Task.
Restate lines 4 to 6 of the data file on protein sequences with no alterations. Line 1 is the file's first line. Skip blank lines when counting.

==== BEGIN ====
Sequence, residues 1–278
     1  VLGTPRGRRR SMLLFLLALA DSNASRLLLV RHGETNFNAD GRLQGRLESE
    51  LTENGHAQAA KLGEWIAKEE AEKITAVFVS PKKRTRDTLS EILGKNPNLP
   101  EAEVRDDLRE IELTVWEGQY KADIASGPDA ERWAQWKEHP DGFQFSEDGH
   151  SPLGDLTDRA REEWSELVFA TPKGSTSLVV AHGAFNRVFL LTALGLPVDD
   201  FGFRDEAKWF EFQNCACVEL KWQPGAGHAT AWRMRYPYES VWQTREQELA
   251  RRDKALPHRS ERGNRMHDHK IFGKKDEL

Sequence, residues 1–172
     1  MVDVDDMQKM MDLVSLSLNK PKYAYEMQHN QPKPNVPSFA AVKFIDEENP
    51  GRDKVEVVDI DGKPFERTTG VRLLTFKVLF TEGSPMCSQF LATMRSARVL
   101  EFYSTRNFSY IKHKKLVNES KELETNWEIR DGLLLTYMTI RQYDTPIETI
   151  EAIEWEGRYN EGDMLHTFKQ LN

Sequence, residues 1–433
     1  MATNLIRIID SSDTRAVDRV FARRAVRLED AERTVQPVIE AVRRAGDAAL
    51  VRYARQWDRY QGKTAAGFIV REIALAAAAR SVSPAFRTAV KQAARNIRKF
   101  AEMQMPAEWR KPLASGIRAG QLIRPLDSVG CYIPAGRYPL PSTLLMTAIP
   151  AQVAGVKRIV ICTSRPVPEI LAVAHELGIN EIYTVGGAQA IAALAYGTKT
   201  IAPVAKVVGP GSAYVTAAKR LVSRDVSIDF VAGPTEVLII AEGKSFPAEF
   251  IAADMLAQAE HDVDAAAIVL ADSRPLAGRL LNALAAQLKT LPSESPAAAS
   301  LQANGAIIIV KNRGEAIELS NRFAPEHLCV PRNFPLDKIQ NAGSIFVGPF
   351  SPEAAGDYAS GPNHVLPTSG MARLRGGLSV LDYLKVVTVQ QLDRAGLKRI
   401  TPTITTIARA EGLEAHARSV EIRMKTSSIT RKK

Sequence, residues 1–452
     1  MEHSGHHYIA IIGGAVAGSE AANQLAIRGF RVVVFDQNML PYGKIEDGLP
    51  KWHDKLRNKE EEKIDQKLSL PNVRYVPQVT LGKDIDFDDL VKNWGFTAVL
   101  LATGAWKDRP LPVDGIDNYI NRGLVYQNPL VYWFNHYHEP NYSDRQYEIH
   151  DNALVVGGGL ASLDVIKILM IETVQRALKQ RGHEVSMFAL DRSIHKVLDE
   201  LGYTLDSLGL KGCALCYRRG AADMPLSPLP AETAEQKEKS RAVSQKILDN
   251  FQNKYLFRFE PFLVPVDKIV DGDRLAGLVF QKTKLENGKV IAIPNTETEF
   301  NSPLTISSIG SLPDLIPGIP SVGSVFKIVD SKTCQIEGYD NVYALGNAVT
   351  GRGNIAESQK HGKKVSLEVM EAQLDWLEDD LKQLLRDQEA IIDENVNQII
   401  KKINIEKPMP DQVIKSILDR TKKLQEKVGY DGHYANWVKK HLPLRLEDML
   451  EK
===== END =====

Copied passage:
   101  EAEVRDDLRE IELTVWEGQY KADIASGPDA ERWAQWKEHP DGFQFSEDGH
   151  SPLGDLTDRA REEWSELVFA TPKGSTSLVV AHGAFNRVFL LTALGLPVDD
   201  FGFRDEAKWF EFQNCACVEL KWQPGAGHAT AWRMRYPYES VWQTREQELA